The Flensburg “Primavera”

From Hana Filip on Facebook yesterday, on these two artworks:


(#1) On the left in HF’s presentation


(#2) On the right

[HF] Zeitgeist: “Primavera” (Fritz During, mid 20th cent.), left. The European University of Flensburg removed this statue from its foyer, because the statue has “hips that overemphasize a woman’s reproductive function”. Next to it is a detail from Dürer’s (1504) “Adam and Eve” (where Eve is a typical representation of Dürer’s naked women with wide hips). It does raise questions about what is art, and its reception.

Now since few of my readers will have heard about Flensburg and its university, some background on that. Then, an extended Facebook conversation about the Flensburg “Primavera”, originally between HF (in Germany) and me (in California), later drawing in a number of others (from all over the world), and ending rather surprisingly in wrenching reflections on the difficulties of living up to our moral commitments.

Flensburg and its university. From Wikipedia:

Flensburg is an independent town (kreisfreie Stadt) in the north of the German state of Schleswig-Holstein.

… The nearest larger towns are Kiel (86 km (53 mi) south) and Odense, Denmark (92 km (57 mi) northeast). Flensburg’s city centre lies about 7 km (4 mi) from the Danish border.

… University of Flensburg has about 6,000 students as of 2019/20. Founded in 1946 as a pedagogical college, it became a university in 1994. Unlike the much larger University of Kiel it is not a full university; theology, medicine, law and some other programs are not offered here. But it does have the right to confer doctorates.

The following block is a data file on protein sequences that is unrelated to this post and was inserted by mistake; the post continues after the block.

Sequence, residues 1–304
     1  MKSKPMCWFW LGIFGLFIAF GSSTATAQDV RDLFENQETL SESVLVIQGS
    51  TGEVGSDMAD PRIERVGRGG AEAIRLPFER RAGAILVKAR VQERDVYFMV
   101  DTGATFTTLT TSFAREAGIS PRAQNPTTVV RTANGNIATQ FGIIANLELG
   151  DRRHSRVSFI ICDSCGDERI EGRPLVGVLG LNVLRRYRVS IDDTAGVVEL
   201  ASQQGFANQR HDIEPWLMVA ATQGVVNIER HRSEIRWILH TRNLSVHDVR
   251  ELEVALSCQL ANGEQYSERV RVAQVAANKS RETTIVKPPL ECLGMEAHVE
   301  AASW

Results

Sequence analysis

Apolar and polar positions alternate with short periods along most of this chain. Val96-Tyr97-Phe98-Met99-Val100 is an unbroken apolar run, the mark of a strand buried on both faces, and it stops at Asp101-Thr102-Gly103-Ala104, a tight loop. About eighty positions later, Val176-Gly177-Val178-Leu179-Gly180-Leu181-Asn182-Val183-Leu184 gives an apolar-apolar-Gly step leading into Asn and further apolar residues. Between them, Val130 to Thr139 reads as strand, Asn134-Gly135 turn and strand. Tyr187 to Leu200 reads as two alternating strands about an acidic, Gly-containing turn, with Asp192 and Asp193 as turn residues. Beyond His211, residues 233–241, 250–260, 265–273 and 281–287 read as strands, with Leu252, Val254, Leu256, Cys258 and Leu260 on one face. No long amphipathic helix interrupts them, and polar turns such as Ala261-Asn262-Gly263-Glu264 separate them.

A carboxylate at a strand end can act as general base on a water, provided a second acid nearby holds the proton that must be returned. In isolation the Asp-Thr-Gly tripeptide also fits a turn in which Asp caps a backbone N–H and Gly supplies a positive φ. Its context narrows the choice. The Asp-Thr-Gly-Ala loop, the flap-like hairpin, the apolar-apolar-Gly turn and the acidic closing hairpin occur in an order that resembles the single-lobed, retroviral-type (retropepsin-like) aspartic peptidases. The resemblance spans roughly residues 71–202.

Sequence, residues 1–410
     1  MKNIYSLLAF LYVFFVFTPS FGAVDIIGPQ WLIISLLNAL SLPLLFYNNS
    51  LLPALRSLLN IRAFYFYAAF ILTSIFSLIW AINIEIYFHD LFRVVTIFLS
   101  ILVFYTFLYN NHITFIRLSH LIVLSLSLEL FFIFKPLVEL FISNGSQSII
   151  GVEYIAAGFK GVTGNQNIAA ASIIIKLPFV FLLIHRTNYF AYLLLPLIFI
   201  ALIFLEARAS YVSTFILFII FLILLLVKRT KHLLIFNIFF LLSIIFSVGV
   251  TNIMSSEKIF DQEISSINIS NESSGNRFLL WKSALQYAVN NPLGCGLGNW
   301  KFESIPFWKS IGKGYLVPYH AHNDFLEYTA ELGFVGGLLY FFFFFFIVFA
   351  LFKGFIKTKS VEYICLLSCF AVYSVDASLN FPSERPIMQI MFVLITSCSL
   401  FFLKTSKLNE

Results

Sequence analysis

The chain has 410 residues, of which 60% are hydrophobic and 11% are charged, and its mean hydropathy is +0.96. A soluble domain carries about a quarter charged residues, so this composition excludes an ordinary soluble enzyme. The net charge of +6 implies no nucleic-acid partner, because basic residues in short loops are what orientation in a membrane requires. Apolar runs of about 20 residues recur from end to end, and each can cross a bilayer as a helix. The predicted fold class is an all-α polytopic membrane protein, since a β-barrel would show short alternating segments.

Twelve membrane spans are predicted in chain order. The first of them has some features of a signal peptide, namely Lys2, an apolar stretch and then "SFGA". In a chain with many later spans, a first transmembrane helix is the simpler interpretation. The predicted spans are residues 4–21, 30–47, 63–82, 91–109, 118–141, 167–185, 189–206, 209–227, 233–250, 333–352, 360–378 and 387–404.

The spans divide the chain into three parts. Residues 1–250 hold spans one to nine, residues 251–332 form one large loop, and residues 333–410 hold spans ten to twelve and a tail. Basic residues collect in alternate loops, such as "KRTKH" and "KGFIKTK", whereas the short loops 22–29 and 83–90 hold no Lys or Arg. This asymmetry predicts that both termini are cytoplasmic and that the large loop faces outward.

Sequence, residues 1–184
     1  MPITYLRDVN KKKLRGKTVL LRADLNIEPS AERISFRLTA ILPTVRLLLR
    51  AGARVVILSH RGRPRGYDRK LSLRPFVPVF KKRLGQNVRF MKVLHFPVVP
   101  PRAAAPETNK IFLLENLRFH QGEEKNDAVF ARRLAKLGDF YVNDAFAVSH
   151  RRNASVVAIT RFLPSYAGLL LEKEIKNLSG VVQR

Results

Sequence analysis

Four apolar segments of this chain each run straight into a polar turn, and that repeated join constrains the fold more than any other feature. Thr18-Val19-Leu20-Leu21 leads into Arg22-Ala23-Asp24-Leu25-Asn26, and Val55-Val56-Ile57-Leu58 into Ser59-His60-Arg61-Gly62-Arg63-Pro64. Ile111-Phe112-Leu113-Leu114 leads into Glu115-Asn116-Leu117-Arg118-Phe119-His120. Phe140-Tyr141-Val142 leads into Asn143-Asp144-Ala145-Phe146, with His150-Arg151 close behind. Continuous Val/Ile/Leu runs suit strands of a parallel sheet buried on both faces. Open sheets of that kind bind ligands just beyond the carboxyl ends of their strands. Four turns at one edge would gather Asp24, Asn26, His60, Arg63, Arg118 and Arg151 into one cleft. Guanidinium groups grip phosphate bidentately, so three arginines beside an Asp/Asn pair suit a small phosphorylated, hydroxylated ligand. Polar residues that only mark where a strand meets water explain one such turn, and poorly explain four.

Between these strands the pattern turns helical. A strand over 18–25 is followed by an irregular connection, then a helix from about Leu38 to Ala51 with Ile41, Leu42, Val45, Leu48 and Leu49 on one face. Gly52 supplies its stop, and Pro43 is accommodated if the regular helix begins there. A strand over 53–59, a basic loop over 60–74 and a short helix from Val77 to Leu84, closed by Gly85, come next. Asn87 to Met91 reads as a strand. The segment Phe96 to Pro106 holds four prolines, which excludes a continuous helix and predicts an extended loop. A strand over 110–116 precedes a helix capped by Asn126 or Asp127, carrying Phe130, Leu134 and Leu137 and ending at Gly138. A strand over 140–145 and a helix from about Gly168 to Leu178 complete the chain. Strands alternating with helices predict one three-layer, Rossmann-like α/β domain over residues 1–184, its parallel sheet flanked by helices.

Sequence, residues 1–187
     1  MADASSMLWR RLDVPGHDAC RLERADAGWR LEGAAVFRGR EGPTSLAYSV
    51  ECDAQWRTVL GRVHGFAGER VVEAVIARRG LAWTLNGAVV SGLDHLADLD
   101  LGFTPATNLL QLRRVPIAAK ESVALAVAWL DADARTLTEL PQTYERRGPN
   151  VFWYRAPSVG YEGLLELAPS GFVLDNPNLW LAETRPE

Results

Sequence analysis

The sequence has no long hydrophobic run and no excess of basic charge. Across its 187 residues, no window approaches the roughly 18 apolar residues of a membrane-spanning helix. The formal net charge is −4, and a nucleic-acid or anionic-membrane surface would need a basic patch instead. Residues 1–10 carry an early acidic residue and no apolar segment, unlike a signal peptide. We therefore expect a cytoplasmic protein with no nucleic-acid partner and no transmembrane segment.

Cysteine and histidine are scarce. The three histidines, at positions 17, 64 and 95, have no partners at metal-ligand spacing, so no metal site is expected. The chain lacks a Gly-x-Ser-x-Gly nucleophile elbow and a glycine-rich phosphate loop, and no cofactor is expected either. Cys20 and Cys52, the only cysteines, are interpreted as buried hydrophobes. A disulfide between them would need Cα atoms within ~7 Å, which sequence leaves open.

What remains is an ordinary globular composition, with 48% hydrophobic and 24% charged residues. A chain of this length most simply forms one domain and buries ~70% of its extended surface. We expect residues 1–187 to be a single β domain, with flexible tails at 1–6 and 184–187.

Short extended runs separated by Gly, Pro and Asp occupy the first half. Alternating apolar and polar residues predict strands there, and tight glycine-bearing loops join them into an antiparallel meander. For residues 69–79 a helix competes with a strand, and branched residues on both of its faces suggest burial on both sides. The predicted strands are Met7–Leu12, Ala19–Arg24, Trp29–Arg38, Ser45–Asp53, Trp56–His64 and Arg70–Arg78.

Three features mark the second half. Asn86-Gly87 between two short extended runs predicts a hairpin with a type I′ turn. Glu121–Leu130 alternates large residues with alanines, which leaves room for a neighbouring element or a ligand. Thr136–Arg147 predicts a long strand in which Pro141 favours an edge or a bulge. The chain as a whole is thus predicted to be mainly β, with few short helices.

The Facebook conversation.

— AZ: Bizarre. What about those breasts? I guess they’re ok because they’re small and have no nipples.

— HF > AZ: I had the same thought – what about those breasts? They seem at least as troublesome and thought provoking as those hips.

— AZ: The response stinks pretty much all around. I was thinking that this is an especially fine female nude, particularly since it’s entitled “Primavera”, so I’m affronted that it should be removed from public view.

— HF: I think so, too. It is quite abstracted, sanitized in fact, in comparison to tons of other artistic representations of a woman’s body, including Dürer’s.

— AZ: Yes yes yes. Note my comment about the absence of nipples. It’s really a highly abstract distillation of The Female.

— Peter Austin: Oy vey — have they ever seen what Kim Kardashian et al. look like?

— HF > PA: Wide hips are all the rage in pop culture, women even dying while undergoing / post plastic surgery to have such hips, “Kardashian” hips. But this is a different segment of population than those who criticize this statu

— Toni Borowsky: What would they do with Courbet’s L’Origine du monde?

— HF > TB: well, I would not put that painting into the foyer of a university as a single permanent piece adorning it. But of course, it is a welcome contribution to any art exhibition. So let’s suppose a university foyer had an art exhibition with a bunch of pieces of art – then definitely yes. I suppose the question is not only what’s art and its use. Addendum: see my explanation/background to this issue of “Courbet’s L’Origine du monde”, in my response to Arnold Zwicky below.

— AZ > HF: This is more complex that you might have thought. You’re assuming the entrance foyer to a university should be adorned with some innocuous p.r. piece. I’d like to suggest that a university might want a piece of artwork that communicates very clearly: this is a place for the free expression of thought and the cultivation of artistic expression. (Adding that this particular work is elaborately embedded in a rich history of the female body in Western art, a history that its creator clearly wanted the viewer to appreciate.) That would be a bold and non-standard choice for the site, but I think a defensible one. And, I think, an admirable one.